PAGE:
In rural areas, however, shotgun marriages are still widespread, and rural teen mothers are much more likely than their urban counterparts to be married at the time they register the child or to have the child registered by both parents – perhaps because it is much easier to establish paternity in a village where people have less privacy and traditional norms are more often enforced. Consequently, 50.3% of first births within marriage in rural areas vs. 39.5% in the cities result from premarital conception.
Yet, accidental pregnancies remain common in younger women, making many of them single mothers. According to sample surveys, only a small proportion of such women eventually marry the child's father.
According to Zakharov and Churilova, "Early out-of-wedlock births are mainly the result of couples failing to use effective birth control during their first sexual experiences in young adulthood."
Out-of-wedlock birth rates are closely associated with the women’s education, the researchers found.
Women with university education prefer to have children within marriage. Women with high and low levels or education are equally likely to have their child registered by both parents. In contrast, less educated women are more likely to register a child alone, without paternity established—in 41.2% of such cases, mothers had no education beyond secondary school, in 30.3% of the cases mothers had primary or secondary vocational education in addition to general school, and only in 25.6% of the cases did they have some university-level education or a degree.
A similar pattern is observed in the U.S. where out-of-wedlock births, particularly to single women, often indicate a disadvantaged situation.
Women between 35 and 39 account for 26.9% of out-of-wedlock births (this proportion was 25.5% in 1990 and 27.1% in 2011), while the contribution of women between 40 and 44 to out-of-wedlock birth rates is significantly higher at 31.6% (34.8% in 1990 and 31.5% in 2011), similar to that of women over 45 at 32.1% (36.5% in 1990 and 34.2% in 2011).
Some of these women have chosen to have a child 'for themselves' without a husband or a partner, and some others have a child with a cohabiting partner.
Overall, the average age of women giving out-of-wedlock births increased from 24 twenty years ago to 28 in 2010-2011.
Out-of-wedlock births are now common in all age groups, including the ages between 25 and 29, when the majority of first marriages occur.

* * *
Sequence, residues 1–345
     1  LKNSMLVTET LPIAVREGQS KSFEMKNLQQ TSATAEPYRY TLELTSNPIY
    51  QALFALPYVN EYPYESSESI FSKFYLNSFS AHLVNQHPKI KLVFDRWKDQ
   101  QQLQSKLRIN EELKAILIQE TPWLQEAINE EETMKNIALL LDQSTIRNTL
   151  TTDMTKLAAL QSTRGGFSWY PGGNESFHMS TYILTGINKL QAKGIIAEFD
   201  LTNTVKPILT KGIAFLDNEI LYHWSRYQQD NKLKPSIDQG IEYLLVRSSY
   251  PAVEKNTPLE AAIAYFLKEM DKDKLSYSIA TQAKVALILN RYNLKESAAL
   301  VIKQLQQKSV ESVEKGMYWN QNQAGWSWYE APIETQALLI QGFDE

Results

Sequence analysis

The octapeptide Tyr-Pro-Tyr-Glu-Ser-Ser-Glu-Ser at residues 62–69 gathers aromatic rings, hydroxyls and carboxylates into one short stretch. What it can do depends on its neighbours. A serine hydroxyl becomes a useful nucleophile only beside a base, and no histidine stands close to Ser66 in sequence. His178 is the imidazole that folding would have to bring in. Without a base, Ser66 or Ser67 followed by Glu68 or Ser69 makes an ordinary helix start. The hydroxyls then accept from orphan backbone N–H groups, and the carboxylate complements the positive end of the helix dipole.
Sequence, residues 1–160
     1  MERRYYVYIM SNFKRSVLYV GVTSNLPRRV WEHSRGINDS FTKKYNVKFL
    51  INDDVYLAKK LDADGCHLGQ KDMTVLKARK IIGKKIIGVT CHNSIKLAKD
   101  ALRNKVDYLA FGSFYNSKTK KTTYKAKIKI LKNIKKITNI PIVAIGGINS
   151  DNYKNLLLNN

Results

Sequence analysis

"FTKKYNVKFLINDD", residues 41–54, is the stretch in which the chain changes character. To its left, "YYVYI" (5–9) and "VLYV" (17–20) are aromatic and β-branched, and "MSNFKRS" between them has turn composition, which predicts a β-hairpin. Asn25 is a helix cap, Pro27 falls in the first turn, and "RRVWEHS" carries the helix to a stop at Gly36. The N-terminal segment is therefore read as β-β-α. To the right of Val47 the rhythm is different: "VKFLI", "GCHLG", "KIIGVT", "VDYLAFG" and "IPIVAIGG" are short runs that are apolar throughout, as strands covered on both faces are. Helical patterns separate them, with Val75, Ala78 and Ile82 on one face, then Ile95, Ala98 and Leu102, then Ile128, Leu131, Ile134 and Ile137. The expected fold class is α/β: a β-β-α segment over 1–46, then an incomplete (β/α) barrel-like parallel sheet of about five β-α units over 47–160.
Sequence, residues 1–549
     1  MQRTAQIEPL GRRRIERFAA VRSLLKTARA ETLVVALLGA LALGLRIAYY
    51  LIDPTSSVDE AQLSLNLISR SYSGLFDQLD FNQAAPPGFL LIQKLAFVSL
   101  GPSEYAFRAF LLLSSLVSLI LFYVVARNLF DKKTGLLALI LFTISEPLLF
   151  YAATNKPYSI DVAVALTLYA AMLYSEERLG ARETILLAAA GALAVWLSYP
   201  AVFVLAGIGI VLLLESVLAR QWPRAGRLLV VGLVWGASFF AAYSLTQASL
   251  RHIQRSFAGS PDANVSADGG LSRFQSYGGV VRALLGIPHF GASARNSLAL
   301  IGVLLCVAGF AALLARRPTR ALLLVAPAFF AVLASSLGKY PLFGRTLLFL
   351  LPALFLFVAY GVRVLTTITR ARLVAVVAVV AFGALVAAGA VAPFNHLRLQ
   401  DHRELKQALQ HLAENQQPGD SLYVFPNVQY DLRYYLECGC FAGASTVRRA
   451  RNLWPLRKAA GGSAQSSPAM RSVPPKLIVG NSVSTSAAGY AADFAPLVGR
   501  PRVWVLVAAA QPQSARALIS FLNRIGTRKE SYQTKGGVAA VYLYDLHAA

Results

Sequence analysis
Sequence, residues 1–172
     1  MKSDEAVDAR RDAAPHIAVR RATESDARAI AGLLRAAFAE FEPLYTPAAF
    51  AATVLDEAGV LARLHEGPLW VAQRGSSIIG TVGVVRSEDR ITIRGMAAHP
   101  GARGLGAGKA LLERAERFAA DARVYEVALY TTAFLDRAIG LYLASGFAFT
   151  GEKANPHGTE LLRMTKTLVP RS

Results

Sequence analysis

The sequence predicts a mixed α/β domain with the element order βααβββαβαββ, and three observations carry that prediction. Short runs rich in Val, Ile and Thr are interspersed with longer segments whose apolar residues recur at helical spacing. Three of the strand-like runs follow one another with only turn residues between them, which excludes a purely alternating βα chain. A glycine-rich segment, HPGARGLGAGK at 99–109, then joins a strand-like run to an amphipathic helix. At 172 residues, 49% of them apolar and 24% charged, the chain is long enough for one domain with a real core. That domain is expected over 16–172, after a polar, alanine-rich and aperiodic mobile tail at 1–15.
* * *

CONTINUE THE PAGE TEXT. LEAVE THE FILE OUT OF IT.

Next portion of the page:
Just before the end of the Soviet Union in 1990, the out-of-wedlock birth rate was very low in this group at 11,8% (it was lower at 11% only in the group aged 20 to 24, when most marriages occurred at that time).
Even now, 25 to 29 year olds contribute less to out-of-wedlock birth rates than other ages.
A child born out of wedlock is rarely the only child in the family. Firstborn, second, and subsequent children can be born outside marriage. Perhaps the least likely to be born out of wedlock are second children (20%), and the most likely ones are fourth and subsequent children (33%), with the firstborns somewhere in the middle at 26%.
While out-of-wedlock births of the first, second, and third children have declined over the past few years, this has not been the case with the fourth and fifth births. One possible explanation is that high birth rates in this category are maintained by certain social and ethnic groups whose members tend to have many children but refuse to register marriage, e.g. for religious reasons. Thus, in Tyva, the proportion of out-of-wedlock births stands at a record 65%, followed by 42% in Chukotka, 36% in Yakutia, and 35% each in Perm Region and Buryatia.
Out-of-wedlock birth rates are on the rise. According to Zakharov and Churilova, the total fertility rate (measured at age 50) for Russian women who have never married stood at 0.65 births per woman in 1993-1994, increased to 0.74 birth per woman a decade later, and reached 0.75 in 2010-2011.
Apparently, traditional norms persist, and 36% of Russian women consider official marriage mandatory in case of a pregnancy, and 24% consider it preferable. Nevertheless, the proportion of women in unmarried unions who do not use birth control increased from 23% in 2004 to 36% in 2010, indicating that most out-of-wedlock conceptions are the result of choice rather than accident.